Briefly Noted

The Guardian writes that Margaret Atwood will publish her first collection of poetry in over a decade, Dearly, due out in November from Harper. Vulture has a piece on A Very Punchable Face: A Memoir by Colin Jost (Crown: Random House), out in April.

The Millions picks “Writers to Watch: Spring 2020.”

Tor.com gathers “All the New Fantasy Books Arriving in February.”

Popsugar selects “25 Brilliant Books Coming Out in February.”

O: The Oprah Magazine has an essay by Richie Jackson, Gay Like Me  A Father Writes to His Son (Harper).

Popsugar excerpts The Herd by Andrea Bartz (Ballantine: Random House).

NPR features the Miss Peregrine books by Ransom Riggs, including the newest,  The Conference of the Birds (Dutton Books for Young Readers: Penguin).

Eoin Colfer, Highfire (Harper Perennial), tells Entertainment Weekly about the books of his life and his cultural diet.

Paulo Coelho is “scrapping [the] children’s book he wrote with Kobe Bryant out of respect.” Entertainment Weekly has more.

The Chicago Tribune asks if Reese’s Book Club is “more potent” than Oprah’s?

Doing some clean-up, Stephen King writes a piece for The Washington Post about the Oscars and diversity.

The L.A. Times writes that Oprah promises a “deeper” discussion around American Dirt by Jeanine Cummins (Flatiron: Macmillan; LJ starred review). This as book signings have been canceled and in the NYT there is an op-ed by author David Bowles praising the public library that sent back the free ALA/Oprah book club copies. Bitch Media collects some of the criticisms and the Chicago Tribune writes “The problem isn’t who wrote it, but how.”

Reacting to yesterday’s news that on her 90th birthday the creators of Nancy Drew & The Hardy Boys comics decided to kill her off and let the Hardy Boys step up to solve her murder, Bustle has a list of “15 Female Detective Novels To Read While You Mourn Nancy Drew.”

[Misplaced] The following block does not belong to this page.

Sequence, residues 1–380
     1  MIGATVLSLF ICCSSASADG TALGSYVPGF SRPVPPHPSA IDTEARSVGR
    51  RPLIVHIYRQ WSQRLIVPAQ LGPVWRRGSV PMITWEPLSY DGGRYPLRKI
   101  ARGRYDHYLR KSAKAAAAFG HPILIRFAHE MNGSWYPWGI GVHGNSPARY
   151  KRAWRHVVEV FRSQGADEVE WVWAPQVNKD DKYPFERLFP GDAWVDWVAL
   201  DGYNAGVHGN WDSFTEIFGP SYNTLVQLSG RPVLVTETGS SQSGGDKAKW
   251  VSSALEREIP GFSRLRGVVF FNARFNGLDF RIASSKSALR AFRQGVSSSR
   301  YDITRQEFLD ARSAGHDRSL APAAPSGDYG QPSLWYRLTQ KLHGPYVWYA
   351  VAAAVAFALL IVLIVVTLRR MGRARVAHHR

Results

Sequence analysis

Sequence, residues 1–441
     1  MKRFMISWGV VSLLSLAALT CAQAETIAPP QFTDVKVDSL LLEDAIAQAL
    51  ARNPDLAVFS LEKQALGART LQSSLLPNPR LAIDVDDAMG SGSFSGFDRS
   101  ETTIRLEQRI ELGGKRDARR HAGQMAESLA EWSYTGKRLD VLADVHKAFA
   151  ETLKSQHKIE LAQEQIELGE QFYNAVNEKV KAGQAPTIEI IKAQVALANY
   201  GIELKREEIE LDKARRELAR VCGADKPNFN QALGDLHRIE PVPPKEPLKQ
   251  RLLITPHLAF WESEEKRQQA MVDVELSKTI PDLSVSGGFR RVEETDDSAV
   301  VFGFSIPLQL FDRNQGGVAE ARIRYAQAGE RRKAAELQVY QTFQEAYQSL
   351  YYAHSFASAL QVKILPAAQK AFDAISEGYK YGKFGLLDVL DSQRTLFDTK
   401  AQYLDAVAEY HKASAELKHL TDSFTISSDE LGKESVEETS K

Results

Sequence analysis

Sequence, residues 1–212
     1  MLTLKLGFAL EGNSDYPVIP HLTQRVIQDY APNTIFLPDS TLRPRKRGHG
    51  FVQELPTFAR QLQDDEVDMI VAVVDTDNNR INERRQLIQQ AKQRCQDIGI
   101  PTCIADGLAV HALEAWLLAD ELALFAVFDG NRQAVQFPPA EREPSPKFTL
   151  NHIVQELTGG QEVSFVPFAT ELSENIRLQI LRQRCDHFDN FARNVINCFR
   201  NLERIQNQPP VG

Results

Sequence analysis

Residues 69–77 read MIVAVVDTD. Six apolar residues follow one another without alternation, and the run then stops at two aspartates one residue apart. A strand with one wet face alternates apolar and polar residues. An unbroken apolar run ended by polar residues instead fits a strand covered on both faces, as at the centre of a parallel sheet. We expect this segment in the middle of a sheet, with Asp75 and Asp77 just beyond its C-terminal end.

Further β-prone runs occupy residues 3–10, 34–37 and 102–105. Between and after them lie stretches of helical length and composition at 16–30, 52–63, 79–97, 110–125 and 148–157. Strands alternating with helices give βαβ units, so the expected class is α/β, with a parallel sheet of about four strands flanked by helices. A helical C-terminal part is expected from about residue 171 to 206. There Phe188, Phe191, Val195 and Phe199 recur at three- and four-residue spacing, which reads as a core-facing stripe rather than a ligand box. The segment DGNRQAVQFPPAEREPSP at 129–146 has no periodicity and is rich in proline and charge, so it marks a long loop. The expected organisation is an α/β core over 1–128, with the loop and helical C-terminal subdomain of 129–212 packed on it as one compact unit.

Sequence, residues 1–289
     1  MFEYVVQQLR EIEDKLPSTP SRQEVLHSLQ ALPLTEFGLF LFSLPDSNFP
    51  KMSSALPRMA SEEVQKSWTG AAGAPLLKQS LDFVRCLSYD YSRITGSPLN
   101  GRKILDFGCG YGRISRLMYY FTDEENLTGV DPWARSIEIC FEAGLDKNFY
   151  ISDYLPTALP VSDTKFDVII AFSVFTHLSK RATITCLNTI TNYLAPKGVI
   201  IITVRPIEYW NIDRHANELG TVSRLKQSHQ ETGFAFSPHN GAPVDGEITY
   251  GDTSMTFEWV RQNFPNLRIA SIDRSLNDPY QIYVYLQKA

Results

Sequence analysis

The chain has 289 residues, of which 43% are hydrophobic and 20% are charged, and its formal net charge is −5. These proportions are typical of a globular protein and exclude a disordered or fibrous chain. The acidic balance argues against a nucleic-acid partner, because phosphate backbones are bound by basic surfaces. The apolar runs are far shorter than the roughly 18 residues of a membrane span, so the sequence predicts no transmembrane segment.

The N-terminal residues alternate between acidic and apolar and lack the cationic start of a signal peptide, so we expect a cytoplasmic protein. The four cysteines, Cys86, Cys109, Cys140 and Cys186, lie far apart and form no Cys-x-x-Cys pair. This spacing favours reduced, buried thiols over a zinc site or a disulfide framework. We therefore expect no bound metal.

Locus reports that Bowker will introduce a new ISBN prefix, 979, and that “there will be no 10-digit equivalent to a 979 ISBN … publishers and metadata recipients will need to confirm that their systems can reliably accept and maintain 13-digit ISBNs.”

Gallup has a new report out about US library use. It outpaces trips to the movies.

Publishers Weekly has a report on Macmillan’s CEO John Sargent’s “Ask Me Anything” session at Midwinter, focused on the e-book embargo.

Stephen Joyce, grandson of James Joyce, has died. The Guardian has an obituary.

Authors on Air

Vulture has a look at season two of The Witcher.

Making history, Doctor Who casts its first black Doctor. Actress Jo Martin plays the part. USA Today has a report.

Mira Jacob, Good Talk (Random House; LJ starred review), features on the Belletrist Studios series.

Popsugar has a list of “26 Books to Read Before They Become Hit TV Shows in 2020.”

 NPR’s Code Switch interviews Tomi Adeyemi, Children of Virtue and Vengeance (Henry Holt: Macmillan).

Jonathan Coe and Sara Collins feature on The Guardian Books podcast, discussing their Costa-winning books (for debut fiction and for best novel).

Deadline reports that Killing It: An Education by Camas Davis is headed to the movies.

Little Fires Everywhere gets a new trailer.

Michael Bloomberg, Climate of Hope: How Cities, Businesses, and Citizens Can Save the Planet (St. Martin’s Press: Macmillan), will be on with Jimmy Fallon tonight.